Ice or Heat? When you suffer from an injury or are in need of pain relief, this question arises quite frequently. Most often apply the solution that our mothers gave us or what our best friend who also suffered from the same the injury or pain did.
While some say ice is better for your pain, others claim that heat will do the trick. But how can you tell which is more appropriate for the type of injury you’ve sustained or pain you are feeling? And what is the best way to apply ice or heat?
With many differing and conflicting opinions, let us help clarify what is the most effective way to use ice and/or heat to help you return to the best of health.
Nature Knows Best
Safe, natural and effective pain relief is found in ice and heat. When ice and heat are applied correctly, it will offer you natural and effective pain relief to precisely affected area, unlike pain medication.
Pain medication has to be swallowed, digested and assimilated which can affect your entire body. Unfortunately, most often leaving a trail of potential side-effects.
Ice It Down
With an acute or new injury, ice is very effective for relieving pain and reducing inflammation. The icy cold temperature numbs the area to reduce pain, slows down other cell functions and bleeding which in turn prevents bruising and swelling from the waste and fluid build-up, helping to minimize further tissue damage and scar tissue formation.
If you want to numb pain fast and most efficiently, invest in a gel pack and have it frozen and ready inside your freezer. If you are desperate and are nowhere near a frozen gel pack, grab some frozen peas and mold the package with maximum contact to your skin.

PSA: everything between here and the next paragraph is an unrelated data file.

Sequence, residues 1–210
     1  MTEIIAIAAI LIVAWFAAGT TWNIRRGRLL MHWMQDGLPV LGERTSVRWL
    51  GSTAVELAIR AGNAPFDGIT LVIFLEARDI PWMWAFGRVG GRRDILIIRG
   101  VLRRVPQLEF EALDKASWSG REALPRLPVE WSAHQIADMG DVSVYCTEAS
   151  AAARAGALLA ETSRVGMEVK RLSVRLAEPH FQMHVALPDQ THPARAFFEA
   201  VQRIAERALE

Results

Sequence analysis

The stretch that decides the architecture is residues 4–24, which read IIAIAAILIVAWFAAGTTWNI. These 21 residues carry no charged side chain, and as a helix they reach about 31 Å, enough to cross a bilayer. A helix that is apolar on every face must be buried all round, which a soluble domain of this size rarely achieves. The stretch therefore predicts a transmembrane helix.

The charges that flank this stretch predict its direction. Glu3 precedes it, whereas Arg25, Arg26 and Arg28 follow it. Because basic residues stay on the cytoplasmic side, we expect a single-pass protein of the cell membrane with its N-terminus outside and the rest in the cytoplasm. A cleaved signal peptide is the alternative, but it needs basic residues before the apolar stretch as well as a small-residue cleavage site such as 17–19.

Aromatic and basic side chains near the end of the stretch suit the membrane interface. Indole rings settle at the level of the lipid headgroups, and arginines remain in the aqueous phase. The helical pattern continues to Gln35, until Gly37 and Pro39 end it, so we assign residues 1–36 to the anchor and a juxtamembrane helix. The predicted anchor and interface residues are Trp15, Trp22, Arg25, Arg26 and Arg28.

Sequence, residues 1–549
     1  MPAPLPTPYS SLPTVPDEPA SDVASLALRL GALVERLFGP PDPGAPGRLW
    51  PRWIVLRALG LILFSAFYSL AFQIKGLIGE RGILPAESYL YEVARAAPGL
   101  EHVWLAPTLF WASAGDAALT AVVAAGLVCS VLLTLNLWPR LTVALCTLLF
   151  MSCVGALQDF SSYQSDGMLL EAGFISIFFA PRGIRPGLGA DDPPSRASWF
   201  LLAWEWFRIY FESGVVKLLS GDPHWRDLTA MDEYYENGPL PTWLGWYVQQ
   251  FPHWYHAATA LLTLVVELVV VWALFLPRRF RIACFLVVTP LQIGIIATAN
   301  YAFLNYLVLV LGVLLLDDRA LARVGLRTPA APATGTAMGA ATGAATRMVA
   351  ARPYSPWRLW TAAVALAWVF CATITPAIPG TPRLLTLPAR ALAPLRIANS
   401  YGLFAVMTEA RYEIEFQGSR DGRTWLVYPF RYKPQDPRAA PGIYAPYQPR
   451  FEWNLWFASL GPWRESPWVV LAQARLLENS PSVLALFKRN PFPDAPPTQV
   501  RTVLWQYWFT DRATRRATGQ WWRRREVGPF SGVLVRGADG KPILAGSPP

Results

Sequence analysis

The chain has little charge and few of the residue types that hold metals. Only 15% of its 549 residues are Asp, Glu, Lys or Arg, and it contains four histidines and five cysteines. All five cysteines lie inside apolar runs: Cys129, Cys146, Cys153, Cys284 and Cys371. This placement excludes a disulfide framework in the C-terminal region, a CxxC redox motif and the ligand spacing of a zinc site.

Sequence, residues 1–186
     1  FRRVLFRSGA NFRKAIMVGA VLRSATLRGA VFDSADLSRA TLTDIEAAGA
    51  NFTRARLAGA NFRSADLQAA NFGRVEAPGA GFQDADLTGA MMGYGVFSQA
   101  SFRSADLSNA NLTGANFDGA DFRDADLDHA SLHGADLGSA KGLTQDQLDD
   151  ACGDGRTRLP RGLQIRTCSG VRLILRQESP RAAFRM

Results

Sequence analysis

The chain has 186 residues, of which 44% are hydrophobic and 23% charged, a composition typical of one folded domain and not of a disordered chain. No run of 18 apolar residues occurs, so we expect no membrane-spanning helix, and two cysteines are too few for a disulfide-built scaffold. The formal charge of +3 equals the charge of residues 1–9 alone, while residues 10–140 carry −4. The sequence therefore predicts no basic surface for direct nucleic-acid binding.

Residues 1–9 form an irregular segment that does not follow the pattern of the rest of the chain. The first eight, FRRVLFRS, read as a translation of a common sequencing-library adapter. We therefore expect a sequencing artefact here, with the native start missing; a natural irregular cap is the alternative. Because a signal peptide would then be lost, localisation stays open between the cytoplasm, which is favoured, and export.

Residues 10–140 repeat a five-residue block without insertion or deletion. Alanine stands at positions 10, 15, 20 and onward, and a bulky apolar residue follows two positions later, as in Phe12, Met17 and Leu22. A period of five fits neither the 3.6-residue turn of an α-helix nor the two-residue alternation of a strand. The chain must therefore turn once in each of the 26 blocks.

Fire It Up
Heat is best used for stiffness of joints, to relieve muscle spasm and chronic pain, such as chronic neck or back pain, it helps increase blood flow during the repair stage of an injury. Greater blood flow means more oxygen and nutrients to your cells along with the removal of waste materials.
With heat, muscles relax and allow you to move freely, allowing for increased flexibility and facilitating proper stretching of damaged tissue. Remember to always use a barrier between the heat and your skin, such as a cloth or towel to prevent burns. Heat can be applied with a thermal gel pack or simply a small warm wet hand towel.
When To Use Ice and Heat
When one or more of your muscles go into spasm, your body reacts to this “injury” by sending an increase of white blood cells to the site. These extra white blood cells can interfere with the red blood cells’ routine tasks of carrying oxygen and nutrients to the injured area. Waste products also stagnate and accumulate in the affected tissue.
A lack of oxygen to the site can also stimulate a “pain-spasm cycle” where the nerves send “pain” signals to your brain. In response, your brain contracts the muscles near the injury to close off blood supply and prevents swelling. So starts the vicious cycle that can lead to more spasms and more pain. Even worse, unless the cycle is broken, it can continue for years.
Best of Both
One of the best and easiest ways to break this cycle is to alternate ice and heat. Both ice and heat help shut down the nerves that fire the pain signals. When the pain messages can’t reach the brain, muscles don’t contract and constrict blood flow to the injured area. Applying ice and heat consistently for a sufficient period of time can help break the pain-spasm cycle.
Note of Caution
If heat is inappropriately utilized during the inflammatory phase of healing, an increase in blood flow to the already swollen, injured area often results in an increase of pain. A rule of thumb should be as long as the pain is present, ice is usually safer and more effective.
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Dr. Connor McCormick